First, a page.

I have been doing a lot of thinking about Harry Potter recently. And by “recently”, I mean I’ve been in a permanent state of thinking about Harry Potter since 1998. I can remember the exact moment that my mom gave me Harry Potter and the Sorcerer’s Stone. My elementary school had just had a book fair and I was sitting in the back-seat of our car sorting through my treasures when this book with a boy on the cover fell out of my bag…
Can I just get real for a moment? Book fairs were the absolute shit. A company like Scholastic or something, I don’t know the specifics, comes to your school, takes over your gym, and LET’S YOU JUST GO SHOPPING FOR 5 HOURS! FOR BOOKS! WITHOUT YOUR PARENTS! You get to just write down whatever you want! No one judges you! You want a book about a bunny that turns into a vampire? Why don’t you check out Bunnicula! And some of the books even came with little trinkets! Like The Magic Charm books. They came with a necklace with a horse or ballet shoe charm or something like that. You were reading a story about a girl who has difficulty learning ballet who gets a ballet charm from her grandma or something and then WHAT?! You get the charm too, so you can match her?! THE BEST. So at a book fair, not only are you getting books, but sometimes you get trinkets too! Then your parents come and look at your list and if they were my mom, they would sometimes buy what you wanted and stock up for Christmas or birthdays. However, my mom also liked to go rogue. She’d get me random books that I didn’t ask for. That’s not to say I wasn’t grateful, but mostly they were educational books and ain’t nobody got time for that. I had bunny vampires and girls who sucked at ballet to read about!!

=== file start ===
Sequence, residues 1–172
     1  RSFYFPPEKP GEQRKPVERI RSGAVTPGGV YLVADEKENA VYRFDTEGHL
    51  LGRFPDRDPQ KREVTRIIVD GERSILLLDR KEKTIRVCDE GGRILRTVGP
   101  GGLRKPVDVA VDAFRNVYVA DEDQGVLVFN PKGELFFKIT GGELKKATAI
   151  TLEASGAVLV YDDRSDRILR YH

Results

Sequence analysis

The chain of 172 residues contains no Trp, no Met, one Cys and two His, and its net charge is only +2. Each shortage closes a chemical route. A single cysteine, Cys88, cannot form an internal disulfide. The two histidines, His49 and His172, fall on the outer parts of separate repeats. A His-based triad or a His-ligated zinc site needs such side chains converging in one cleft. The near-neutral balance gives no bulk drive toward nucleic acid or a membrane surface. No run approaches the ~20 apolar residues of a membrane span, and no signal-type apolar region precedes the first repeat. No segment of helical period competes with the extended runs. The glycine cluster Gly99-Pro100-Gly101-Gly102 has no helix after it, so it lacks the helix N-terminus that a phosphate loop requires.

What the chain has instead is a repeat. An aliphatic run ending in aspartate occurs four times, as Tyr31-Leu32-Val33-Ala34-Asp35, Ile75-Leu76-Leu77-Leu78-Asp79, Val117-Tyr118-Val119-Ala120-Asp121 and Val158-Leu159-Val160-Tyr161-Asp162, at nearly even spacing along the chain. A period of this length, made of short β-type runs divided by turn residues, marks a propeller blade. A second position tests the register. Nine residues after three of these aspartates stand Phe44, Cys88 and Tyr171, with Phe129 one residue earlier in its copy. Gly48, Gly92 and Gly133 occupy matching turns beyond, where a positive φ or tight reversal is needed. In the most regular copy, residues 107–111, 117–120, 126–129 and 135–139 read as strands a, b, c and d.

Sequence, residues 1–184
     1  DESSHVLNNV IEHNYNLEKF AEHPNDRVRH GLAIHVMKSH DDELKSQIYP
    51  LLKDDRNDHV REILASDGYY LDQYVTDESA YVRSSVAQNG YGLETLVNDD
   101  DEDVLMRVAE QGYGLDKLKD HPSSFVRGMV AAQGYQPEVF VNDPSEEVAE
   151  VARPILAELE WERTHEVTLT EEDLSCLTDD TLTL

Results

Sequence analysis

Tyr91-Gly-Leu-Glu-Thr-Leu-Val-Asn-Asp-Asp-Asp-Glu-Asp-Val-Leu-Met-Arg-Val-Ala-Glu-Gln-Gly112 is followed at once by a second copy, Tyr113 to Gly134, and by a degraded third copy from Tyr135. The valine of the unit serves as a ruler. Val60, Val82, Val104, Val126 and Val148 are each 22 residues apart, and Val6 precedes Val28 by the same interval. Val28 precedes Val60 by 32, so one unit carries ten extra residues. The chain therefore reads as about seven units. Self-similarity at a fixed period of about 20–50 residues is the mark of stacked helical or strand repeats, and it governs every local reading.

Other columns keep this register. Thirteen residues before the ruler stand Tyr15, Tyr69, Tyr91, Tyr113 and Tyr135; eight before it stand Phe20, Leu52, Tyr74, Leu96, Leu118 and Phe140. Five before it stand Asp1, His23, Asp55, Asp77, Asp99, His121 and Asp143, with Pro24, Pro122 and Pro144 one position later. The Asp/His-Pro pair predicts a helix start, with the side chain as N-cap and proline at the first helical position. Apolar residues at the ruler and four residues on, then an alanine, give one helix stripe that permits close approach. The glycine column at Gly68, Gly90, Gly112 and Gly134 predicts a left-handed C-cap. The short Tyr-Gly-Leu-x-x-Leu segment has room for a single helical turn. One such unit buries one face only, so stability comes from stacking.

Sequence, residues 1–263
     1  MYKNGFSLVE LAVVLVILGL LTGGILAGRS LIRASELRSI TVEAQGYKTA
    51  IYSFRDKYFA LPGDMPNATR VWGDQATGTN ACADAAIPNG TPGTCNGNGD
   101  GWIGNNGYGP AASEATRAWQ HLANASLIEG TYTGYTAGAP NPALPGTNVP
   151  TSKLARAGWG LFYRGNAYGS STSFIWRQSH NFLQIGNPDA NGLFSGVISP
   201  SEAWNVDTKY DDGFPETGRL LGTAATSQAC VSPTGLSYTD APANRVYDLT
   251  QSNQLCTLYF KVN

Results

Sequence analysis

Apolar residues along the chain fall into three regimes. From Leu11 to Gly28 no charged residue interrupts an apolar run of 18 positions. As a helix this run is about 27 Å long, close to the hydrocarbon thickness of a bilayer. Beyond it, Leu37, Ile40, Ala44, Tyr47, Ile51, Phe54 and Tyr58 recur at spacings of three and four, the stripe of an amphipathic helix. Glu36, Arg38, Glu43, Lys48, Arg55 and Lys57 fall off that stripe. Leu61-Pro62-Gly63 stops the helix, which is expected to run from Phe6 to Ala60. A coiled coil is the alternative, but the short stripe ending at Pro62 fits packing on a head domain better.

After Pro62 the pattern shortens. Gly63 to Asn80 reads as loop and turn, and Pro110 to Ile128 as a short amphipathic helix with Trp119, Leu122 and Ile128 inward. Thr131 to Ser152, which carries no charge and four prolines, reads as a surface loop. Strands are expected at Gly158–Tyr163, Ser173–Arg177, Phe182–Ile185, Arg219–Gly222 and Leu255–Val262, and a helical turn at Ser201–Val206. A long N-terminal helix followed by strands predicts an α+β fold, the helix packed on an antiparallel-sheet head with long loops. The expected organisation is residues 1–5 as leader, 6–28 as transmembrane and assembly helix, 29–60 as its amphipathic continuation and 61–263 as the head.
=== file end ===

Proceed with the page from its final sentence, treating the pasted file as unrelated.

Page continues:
But that one year, Mom struck gold. A golden snitch, if you will. So this book with a boy and broom on the cover tumbles out of my bag…
“It’s a book about a boy who is a wizard. It’s supposed to be very good. I thought it might be something you’d like.”
My mom acted like that was going to sell me. This book had a boy on the cover. What use did I have for books with a boy on the cover? Gross. And don’t even act like that unicorn was going to sell me either. I never got unicorns as a kid. It’s a horse with a horn. Everyone calm the hell down.
But alas, I cracked open that book with a boy on the cover that night, and I was sold.
I love Harry Potter. Love even feels like an understatement. Those 7 books have influenced me more than I could write in words on a silly blog. In my darkest and twistiest times, those books have been a light for me.
My pops, Mark Andrews.
In February of 2004, my dad died of cancer. When my he passed away, I basically wanted to shut off from the world. I felt abandoned, alone, and devastated, as anyone probably does when they suffer that kind of loss. Death has always fascinated me, even when I was a child, but I had never had to experience it so closely.
I pulled away from my family. I wouldn’t call my grandparents or other relatives because it was too difficult. It was a constant reminder that these people knew my dad. They were a constant reminder that at one point he existed and thus, a constant reminder that he no longer did.